Whether we’re talking about take-out, delivery services like Favor and UberEats, or just an “old fashioned” delivery driver that works directly for the restaurant, providing meals to-go is a big deal these days.

In 2016, according to Fortune, “the percentage of orders booked online or using a smartphone or tablet app—now 6.6% of the total—exceeded the quantity placed verbally over the telephone (5%).

Of course, as any restaurant owner can tell you, the challenges of getting with the digital age can have a wide range of effects. From better containers to rethinking menu items and possibly redesigning the kitchen. There’s even a burgeoning “delivery-only” trend that skips the actual brick-and-mortar restaurant part. But like it or not, this take-out train has left the station. Better jump on board or risk being left behind.

Here’s some info on the take-out trend that might be helpful, courtesy of Ventura Foods. (Hint — technology and millennials are involved!)

Increased to-go patronage

A wider availability of carryout and delivery options has led to increased to-go occasions. Consumers purchase takeout on average 5.5 times per month. For takeout occasions, carryout orders outnumber delivery three to one, likely since carryout is more widely available and less expensive. Takeout mostly appeals to consumers who don’t feel like dining in at a restaurant, and more and more that is the norm amongst younger diners. Further, consumers primarily see takeout meals as alternatives to food prepared at home. These points signal that takeout can drive additional traffic rather than cannibalize dine-in revenue.

  • 33% of consumers are ordering food to go more often than they were three years ago
  • Amenities for off-premise orders are increasing, such as separate ordering counters or more efficient drive-thrus
  • Consumers are expected to begin slowly shifting away from ordering takeout as more operators introduce delivery options

Easier ordering tech –FRICTIONLESS Behaviors

Consumers no longer have to pick up the phone to make a takeout order request. Online and mobile ordering is proliferating, with many chains making better mobile ordering sites a priority. Text message ordering is now available in the market, with chains like Mazzio’s Italian Eatery introducing these services. And chatbot ordering via social media is also available. These initiatives appeal to younger consumers, many of whom are now ordering food to go more often, as they’re the heaviest users of social media and mobile technology.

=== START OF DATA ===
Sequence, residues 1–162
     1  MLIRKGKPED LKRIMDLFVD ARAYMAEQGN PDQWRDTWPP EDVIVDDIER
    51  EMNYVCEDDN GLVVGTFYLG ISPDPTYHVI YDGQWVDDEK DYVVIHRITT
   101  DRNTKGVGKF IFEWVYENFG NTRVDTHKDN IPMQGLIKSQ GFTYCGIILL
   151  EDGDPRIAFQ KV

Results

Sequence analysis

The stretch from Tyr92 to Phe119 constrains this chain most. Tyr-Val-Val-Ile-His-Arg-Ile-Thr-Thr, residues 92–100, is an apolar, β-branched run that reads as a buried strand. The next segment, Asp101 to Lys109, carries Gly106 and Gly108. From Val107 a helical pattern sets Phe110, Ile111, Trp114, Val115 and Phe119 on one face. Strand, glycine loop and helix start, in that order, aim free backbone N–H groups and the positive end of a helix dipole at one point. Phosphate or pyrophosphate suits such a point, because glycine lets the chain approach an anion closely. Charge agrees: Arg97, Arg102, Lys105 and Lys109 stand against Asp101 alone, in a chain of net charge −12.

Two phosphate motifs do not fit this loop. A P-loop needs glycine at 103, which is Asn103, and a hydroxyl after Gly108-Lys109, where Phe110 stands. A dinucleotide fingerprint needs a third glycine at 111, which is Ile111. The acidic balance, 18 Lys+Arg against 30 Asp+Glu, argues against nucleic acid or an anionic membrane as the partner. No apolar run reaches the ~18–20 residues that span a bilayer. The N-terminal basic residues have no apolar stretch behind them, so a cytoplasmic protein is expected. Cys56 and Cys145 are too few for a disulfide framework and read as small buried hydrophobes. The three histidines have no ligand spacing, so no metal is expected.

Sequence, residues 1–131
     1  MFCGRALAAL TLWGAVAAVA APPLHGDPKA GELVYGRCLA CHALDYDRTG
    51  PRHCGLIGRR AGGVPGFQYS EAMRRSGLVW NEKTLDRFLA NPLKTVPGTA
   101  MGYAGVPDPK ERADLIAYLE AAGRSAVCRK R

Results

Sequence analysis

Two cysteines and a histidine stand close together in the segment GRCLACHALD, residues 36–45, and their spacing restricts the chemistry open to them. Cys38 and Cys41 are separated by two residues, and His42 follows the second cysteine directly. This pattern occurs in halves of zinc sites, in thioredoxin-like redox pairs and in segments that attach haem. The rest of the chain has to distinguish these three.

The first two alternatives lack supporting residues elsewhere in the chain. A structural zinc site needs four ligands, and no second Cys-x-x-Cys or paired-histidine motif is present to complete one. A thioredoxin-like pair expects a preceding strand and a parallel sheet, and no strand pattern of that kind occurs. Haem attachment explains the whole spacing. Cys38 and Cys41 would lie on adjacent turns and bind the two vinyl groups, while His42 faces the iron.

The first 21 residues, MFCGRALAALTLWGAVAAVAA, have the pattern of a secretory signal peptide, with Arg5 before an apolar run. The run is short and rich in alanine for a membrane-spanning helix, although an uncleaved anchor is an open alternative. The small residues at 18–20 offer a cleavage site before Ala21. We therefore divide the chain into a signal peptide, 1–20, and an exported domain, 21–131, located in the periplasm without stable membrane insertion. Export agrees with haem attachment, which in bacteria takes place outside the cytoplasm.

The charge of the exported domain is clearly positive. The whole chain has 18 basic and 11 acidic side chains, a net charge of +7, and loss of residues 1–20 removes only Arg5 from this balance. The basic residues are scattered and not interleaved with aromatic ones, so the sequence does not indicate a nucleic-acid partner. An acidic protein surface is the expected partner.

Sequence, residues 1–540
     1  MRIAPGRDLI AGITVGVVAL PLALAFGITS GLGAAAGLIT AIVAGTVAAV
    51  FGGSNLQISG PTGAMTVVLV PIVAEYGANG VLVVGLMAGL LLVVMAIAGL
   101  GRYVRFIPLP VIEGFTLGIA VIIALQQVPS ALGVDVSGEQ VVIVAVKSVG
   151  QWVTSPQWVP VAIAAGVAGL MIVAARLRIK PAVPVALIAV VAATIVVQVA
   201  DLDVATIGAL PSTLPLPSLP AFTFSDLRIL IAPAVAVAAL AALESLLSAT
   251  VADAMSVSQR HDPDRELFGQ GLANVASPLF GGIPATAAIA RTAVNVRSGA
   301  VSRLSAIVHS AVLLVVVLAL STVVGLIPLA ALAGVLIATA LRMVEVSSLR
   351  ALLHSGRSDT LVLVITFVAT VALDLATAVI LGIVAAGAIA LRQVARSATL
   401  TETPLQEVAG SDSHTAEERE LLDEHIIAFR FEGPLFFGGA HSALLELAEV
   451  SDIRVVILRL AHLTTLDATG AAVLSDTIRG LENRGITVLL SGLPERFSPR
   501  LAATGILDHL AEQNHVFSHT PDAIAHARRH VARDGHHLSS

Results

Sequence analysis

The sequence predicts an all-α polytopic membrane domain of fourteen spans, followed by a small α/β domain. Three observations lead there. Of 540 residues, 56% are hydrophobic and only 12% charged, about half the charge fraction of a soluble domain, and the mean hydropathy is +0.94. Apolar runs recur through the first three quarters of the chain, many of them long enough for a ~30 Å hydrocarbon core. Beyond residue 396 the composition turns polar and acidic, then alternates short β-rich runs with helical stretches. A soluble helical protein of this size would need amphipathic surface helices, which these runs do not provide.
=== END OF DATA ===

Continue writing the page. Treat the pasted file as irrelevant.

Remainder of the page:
• 43% would order carry-out via text
  • More chains are updating their digital ordering via new websites so customers can mobile order without downloading an app
  • Next-up ordering initiatives are increasing, from Zero Click mobile ordering, to Apple TV and Apple Watch ordering, to Amazon ordering

Catered family dinners at FSRs

A staple at LSRs for decades, takeout meals marketed for convenient family-dining solutions on weeknights are now trending at more FSRs. These include shareable family-style entrees and family value bundles. Often, customers are given the option to preorder these foods and get them delivered. In the past year, some initiatives from chains have included LTO family-sized takeout meals from Olive Garden, carryout family bundles from Carrabba’s Italian Grill and preordering capability promotions for takeout family dinners at Zoe’s Kitchen.

  • 44% of millennials say they would use restaurant catering for a special occasion dinner with family
  • Varied-menu chains are set to follow Italian chains that are currently driving the charge for catered family dinners
  • More options are being geared toward families with multiple age ranges, from young kids to teens to adults

Adult beverages to-go

Starting with retail adult beverage delivery, such as Pernod Ricard’s partnership with iPhone app Drizly, restaurants will begin offering adult beverages to go –as already seen with meal delivery programs such as Blue Apron. Some have already started testing to-go beer, including Buffalo Wild Wings, while emerging chain The Craft Bar in Florida is one of a few concepts selling its craft draft beers in to-go canned growlers—aka crowlers. Restaurants will have to find a way to sell prepared adult beverages to go without violating open container laws.

  • 42% of consumers typically order beverages when they order carryout/delivery
  • To-go cocktails are set to be next, following TGI Fridays’ experimentation with mixed drink bags, which the customer adds alcohol to at home
  • Innovative packaging to appeal to on-the-go consumers and to adhere to state-by-state open container laws

Better takeout packaging

Consumers want versatile takeout packaging that goes beyond simply maintaining food quality. They want packaging that supports the consumption, storage and reheating of food, highlighting the need for packaging made of sturdy materials that resist cracks, punctures and heat. Plus, 46% of consumers say it’s important that packaging has separate compartments, aligning with the perception that food ordered to go should taste the same as food eaten in-house. There is also a consideration for food safety to think about.

  • 39% of consumers say for to-go orders it’s important that they can store leftovers in the original packaging
  • More eco-friendly packaging will appeal to consumers who prioritize sustainability
  • More packaging options are being developed that are meant to balance things like humidity, heat and air circulation